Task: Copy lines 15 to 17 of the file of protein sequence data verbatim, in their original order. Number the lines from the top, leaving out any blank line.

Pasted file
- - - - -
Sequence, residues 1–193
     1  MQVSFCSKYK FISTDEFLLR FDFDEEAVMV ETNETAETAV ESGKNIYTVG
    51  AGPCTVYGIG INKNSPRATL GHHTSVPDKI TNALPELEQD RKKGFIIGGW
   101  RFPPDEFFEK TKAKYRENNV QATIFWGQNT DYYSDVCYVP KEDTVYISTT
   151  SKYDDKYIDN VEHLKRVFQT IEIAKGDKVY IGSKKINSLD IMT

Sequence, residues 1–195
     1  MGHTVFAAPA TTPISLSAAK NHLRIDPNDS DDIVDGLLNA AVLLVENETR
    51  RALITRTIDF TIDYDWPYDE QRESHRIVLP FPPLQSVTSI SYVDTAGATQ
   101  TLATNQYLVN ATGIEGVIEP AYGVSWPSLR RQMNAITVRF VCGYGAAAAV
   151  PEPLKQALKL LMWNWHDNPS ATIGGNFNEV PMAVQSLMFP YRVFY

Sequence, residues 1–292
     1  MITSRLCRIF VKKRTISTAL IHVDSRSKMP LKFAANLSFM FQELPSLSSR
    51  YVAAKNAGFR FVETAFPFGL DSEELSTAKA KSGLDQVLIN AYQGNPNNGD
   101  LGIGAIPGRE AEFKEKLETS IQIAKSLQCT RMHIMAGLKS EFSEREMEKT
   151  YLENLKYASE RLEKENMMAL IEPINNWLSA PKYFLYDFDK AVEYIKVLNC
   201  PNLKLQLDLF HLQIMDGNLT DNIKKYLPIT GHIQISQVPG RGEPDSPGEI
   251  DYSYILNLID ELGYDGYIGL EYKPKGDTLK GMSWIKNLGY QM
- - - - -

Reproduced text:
   151  YLENLKYASE RLEKENMMAL IEPINNWLSA PKYFLYDFDK AVEYIKVLNC
   201  PNLKLQLDLF HLQIMDGNLT DNIKKYLPIT GHIQISQVPG RGEPDSPGEI
   251  DYSYILNLID ELGYDGYIGL EYKPKGDTLK GMSWIKNLGY QM